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Pond Liner Pond Build Stage J Working out Pond pump and Pond filter requirements

Now the pond build was finished I had to consider what pond pump and pond filter to use. Here is a description of the thoughts and reasonings I used to come to my final decision on a pond filtration system.

04 August 2011
Pond Liner Pond Build Stage J  Working out Pond pump and Pond filter requirements

Now we had a finished pond liner pond with an electrical supply alongside. The next choice was to choose a suitable pond pump and pond filter.

Perhaps the first thing you need to do when choosing any pond equipment is first to work out what pond volume of water you have and what type of pond you have. I knew we had approximately 12,000 litres of water (2643 gallons). This can be worked out in a number of ways that we looked at earlier when we looked at filling a pond liner pond with water. I knew I wanted to keep a small number of fish and run a sizeable waterfall. I also wanted a UVC light to stop the water turning green. The first thing to work out was pond pumps.

Pond pumps come in different guises. As I wanted a pump to run to a filter and waterfall it had to be a solids handling pond pump – also known as filter pumps. As the pond volume was going to be 12000 litres a quick rule of thumb is to ‘turn’ the water over every two hours. This means a 6000lph pump. But I also knew that I needed a pond pump to push water to a height of approximately 1m. This would mean 6000lph at a head height of 1m.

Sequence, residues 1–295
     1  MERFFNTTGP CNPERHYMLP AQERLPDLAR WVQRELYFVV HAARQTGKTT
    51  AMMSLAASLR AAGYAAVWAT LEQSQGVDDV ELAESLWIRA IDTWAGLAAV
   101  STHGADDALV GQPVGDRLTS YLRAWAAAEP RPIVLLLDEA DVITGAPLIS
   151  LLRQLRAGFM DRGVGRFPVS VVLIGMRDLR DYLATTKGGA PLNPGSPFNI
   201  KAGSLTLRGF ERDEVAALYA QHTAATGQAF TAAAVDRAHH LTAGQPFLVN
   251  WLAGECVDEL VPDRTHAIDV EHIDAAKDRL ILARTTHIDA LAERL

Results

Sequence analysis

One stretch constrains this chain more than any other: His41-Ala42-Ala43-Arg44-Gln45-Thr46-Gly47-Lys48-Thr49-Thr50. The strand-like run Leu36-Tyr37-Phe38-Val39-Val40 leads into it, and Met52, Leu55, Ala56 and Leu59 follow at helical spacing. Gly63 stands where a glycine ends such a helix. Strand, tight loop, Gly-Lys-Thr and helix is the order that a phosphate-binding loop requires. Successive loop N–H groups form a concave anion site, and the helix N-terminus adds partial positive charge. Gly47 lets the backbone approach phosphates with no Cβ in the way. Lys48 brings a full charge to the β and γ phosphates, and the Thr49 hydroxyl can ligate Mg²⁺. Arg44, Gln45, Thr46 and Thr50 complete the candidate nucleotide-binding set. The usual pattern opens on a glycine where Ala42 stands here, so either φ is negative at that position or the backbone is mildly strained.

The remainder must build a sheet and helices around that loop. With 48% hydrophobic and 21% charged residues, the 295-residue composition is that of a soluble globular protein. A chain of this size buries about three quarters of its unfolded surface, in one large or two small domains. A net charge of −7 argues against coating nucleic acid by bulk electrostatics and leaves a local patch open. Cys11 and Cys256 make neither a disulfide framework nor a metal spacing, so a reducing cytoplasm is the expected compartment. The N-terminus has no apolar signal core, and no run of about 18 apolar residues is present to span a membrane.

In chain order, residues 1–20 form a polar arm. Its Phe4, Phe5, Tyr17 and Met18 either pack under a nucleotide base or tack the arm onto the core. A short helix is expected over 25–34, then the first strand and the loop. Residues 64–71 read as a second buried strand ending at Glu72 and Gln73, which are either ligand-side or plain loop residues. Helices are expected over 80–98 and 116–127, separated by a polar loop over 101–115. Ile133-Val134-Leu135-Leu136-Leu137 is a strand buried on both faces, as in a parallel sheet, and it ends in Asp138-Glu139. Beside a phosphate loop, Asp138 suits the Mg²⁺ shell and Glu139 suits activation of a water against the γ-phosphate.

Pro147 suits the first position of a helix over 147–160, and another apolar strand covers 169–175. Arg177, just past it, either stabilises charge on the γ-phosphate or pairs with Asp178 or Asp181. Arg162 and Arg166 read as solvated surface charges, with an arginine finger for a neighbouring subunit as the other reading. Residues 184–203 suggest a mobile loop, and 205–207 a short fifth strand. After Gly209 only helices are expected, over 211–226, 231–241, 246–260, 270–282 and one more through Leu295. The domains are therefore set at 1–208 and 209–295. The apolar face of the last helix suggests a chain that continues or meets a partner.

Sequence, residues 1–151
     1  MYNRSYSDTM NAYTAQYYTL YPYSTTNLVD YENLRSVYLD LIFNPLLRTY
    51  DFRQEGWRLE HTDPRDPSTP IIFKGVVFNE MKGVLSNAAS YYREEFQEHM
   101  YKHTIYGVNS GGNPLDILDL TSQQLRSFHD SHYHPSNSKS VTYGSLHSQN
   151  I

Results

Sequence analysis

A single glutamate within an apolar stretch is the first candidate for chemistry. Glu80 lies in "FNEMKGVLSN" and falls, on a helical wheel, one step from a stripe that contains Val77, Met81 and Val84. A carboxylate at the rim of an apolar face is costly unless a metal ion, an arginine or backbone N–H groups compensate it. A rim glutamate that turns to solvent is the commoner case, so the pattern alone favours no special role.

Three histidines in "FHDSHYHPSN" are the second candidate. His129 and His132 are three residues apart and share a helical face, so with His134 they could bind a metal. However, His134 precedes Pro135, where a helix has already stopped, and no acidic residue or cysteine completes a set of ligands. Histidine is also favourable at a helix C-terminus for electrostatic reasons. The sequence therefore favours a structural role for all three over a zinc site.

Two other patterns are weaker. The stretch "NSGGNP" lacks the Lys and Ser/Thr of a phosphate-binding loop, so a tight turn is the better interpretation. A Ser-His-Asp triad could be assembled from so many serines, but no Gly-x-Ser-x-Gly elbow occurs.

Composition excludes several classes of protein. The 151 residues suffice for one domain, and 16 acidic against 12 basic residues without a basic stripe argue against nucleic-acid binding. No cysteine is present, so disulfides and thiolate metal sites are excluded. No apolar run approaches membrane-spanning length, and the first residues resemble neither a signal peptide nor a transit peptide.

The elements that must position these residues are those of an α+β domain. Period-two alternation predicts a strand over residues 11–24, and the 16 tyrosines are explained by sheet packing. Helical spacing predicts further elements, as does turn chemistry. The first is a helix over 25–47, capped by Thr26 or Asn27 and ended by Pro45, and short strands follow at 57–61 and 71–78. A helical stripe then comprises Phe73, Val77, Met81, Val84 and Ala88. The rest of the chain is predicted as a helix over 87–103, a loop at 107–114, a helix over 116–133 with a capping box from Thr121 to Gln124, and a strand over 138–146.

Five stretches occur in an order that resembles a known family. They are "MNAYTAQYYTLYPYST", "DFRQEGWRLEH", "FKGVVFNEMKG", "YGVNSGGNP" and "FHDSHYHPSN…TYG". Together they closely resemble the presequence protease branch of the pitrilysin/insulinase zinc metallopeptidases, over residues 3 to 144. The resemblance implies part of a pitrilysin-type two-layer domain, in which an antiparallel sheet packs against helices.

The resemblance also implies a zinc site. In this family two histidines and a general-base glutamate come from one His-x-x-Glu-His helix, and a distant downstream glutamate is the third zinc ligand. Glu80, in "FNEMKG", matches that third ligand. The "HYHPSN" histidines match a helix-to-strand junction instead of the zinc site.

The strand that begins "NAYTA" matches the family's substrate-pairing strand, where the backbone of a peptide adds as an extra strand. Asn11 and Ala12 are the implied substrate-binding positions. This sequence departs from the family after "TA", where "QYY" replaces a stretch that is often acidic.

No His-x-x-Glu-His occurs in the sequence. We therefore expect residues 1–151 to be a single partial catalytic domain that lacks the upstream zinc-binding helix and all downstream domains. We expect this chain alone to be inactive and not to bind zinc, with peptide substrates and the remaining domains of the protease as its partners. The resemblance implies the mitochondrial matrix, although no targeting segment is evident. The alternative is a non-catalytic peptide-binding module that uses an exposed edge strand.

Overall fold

Another part of the equation was to decide what filter to employ. I decided on a pressure filter as I wanted to be able to hide the pond filter away from the waterfall. Fortunately large pond pressure filters are now more readily available - these offer a significantly larger filter media capacity than years prior to 2011.

 Another part of the equation was to decide what would be living in the pond. Although it was designed to be mainly an ornamental water garden I thought the addition of a few fish might be a nice touch. I had thought of goldfish but given the large scale of the pond I thought they might get ’lost’ in such a large pool so I eventually plumped for the idea of stocking a few young koi which would be easy to spot. The ‘rule of thumb’ with a koi pond is to ‘turn’ the water over every hour – koi produce a lot of waste and need to be more carefully into the equation. This meant considering a pond pump producing 12,000lph at 1m  head height.

The final decision revolved the choice of pond UVC light. This is much easier to make as you can’t really  spoil a pond by putting in too big a light. In fact most pond filters have the UVC light built into them so prevalent have they become. A rough guide is 1watt per 1000 litres of water – but then it all depends on how deep your water is and how much sunlight it faces. I thought it best to aim for 18 watts and above.

Decisions, decisions…..The following article explains our final choice of pond pump and pond filter

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